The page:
Under normal circumstances,  if you’re not connected to a Wi-Fi access point, your device will broadcast the names of any Access Points you have previously connected to and if it finds one it automatically connects to it.

This is where Karma steps in, Karma listens for your device asking and then answers as if it were the AP you asked for. Your device then automaticlly connects.

Its worth noting that recent changes to the 802.11 protocol prevent this attack. It does this in one simple way, instead of broadcasting the device name it just says im here. Its then up to the Access Point to identify itself. Not all devices have adopted this change so the old techniques still work.

Karma

This video from the creators of the pineapple over at Hak5 explain all this in a lot more details than i can in a paragraph. So if you have a spare hour its well worth a watch.

[youtube id=”40Igim3upL0”]

Now we have some victims connected lets look at what data we can get from them.

Data Capture

We are now operating in Man In The Middle mode. As this diagram shows all traffic going from and to your device to the internet goes through me first.

MITM

With all traffic flowing through our device you would be amazed at the wealth of data we can extract. Websites you visit, files you download, files you upload and more. Some of you will think so what theres not much you can do with that.

What about websites you log in to? i get to see you at all those sites as well. And if your not using HTTPS secure browsing then i have your usernames and passwords as well.

So how simple is it for the attacker to do this?

With a few clicks of the mouse all data is being recorded.

tcpdump_interface

 

 

 

 

 

 

 

 

Then we simply open the pcap and search for anything that looks like we can use it. As you can see here i have captured a WordPress login, with username and password in clear. If like too many people you use the same password on multiple sites then i can potentially access more than just your wordpress blog.

wordpress_capture

 

 

 

This attack works for any site that runs in clear using HTTP. Most sites that hold your confidential information like Banks, Web Mail and Social media sites have switched to HTTPS only. This encrpts all your information so that anyone sat in the middle of your traffic cant see or understand any of the data.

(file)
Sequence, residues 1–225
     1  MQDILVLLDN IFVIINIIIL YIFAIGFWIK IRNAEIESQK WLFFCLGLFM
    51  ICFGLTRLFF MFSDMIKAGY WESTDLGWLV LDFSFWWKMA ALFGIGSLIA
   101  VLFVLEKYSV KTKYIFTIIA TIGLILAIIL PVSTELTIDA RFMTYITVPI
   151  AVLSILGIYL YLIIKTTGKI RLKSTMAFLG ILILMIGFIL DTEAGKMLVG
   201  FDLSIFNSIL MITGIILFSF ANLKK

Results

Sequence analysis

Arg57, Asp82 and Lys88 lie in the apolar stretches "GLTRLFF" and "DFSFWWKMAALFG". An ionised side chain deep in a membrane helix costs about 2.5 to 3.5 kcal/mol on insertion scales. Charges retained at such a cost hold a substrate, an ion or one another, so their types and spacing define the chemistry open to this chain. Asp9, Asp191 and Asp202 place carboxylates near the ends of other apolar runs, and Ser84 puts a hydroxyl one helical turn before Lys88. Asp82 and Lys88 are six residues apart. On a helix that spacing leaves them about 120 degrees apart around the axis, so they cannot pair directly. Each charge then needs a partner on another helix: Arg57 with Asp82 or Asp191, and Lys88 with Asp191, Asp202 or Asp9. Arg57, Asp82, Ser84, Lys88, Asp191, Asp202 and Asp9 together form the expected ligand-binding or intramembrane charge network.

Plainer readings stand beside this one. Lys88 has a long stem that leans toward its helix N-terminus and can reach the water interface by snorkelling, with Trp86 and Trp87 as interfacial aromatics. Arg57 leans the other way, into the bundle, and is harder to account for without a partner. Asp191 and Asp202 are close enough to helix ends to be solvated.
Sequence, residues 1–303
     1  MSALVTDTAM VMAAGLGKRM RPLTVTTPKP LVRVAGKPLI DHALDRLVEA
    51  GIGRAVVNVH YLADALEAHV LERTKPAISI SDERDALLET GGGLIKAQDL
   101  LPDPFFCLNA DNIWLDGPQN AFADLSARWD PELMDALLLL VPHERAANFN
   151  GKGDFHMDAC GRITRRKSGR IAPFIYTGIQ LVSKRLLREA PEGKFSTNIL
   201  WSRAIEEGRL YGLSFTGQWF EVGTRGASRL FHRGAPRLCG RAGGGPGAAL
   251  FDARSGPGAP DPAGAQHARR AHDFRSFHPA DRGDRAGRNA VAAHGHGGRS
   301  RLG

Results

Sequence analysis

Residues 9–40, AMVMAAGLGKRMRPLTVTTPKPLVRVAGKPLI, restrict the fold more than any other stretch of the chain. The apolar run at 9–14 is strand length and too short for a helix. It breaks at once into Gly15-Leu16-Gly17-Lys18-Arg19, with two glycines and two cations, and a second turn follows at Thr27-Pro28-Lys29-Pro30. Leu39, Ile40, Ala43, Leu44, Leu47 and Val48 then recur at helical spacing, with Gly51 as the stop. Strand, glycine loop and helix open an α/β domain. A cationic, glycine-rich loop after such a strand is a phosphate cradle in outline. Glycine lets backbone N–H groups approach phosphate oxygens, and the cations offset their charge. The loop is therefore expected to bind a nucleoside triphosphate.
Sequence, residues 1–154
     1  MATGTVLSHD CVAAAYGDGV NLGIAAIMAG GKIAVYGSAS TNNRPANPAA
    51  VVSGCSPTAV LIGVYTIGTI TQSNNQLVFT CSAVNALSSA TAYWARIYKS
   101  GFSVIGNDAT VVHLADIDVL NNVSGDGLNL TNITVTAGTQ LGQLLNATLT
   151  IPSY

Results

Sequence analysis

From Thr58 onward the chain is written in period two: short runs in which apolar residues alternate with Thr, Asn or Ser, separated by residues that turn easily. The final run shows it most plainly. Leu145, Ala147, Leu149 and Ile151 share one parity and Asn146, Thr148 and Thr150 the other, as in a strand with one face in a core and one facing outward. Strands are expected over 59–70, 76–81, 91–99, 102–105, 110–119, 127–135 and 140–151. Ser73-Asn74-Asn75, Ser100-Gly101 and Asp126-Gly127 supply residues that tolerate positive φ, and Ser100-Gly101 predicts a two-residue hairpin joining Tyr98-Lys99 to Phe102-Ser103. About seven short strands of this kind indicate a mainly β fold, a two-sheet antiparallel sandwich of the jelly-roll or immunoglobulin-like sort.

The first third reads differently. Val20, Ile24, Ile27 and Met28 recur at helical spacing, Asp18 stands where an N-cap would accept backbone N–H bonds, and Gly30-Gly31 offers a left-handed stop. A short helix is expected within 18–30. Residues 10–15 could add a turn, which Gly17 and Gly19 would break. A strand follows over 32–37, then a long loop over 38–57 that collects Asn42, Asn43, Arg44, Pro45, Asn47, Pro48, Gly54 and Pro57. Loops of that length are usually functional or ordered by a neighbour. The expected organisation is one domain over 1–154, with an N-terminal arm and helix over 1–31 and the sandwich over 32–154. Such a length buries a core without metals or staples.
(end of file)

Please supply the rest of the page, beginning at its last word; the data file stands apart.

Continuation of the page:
This is not good for the attacker, but luck is on his side. The Pinapple comes with something called sslstrip. This small software package is designed to do one thing. Look for HTTPS Sessions and if it finds one it sets up a special type of Proxy that allows the site to establish a secure connection but allowing us to intercept all the data and unless the user pays very close attention he is unaware his data is being intercepted.

sslstrip

Since this kind of attack was first announced and the software to automate it all was released the internet of things took steps to secure itself. This was done by implementing something called HTTP Strict Transport Security (HSTS). Supported by Modern browsers and implemented by an increasing number of Websites (But not all of them) HSTS stops this attack method by forcing your browser to only interact via HTTPS.

Evil Portal

Now that HSTS prevents us from intercepting credentials the simple way the attacker has to come up with some new methods. This next option is equally simple to set up and uses a bit of social engineering to trick the user in to handing over their credentials.

Most people have at some point used Public Wi-Fi at some point and are familiar with the concept of a ‘Captive Portal’. This is that first landing page that tells you which Access Point you’re connected to and then asks you to login,  pay or just accept the TOS before continuing online.

As with all the other options all that’s required is for the attacker to turn his device on and click a couple of buttons.

Evil_Portal_Config

In this next example I created a Captive Portal of my own. This is a basic example just to illustrate the method and with very little effort a realistic portal can be created and served to the user.

Evil_Portal

Any credentials entered in to this browser are saved to the device and the user is allowed to continue accessing the internet as normal. Setting up a captive portal like this gives the attacker a couple of options. He could set up something like i have that harvests user names and passwords. Or he could add create a portal that charges people to use the service. This could be something as simple as a paypal button that asks you to pay £2.50 for “Unlimited Lifetime Access For Any Device Anywhere Any Time”. Sounds reasonable, and as you enter your PayPal username and password to pay for it the attacker also steals those.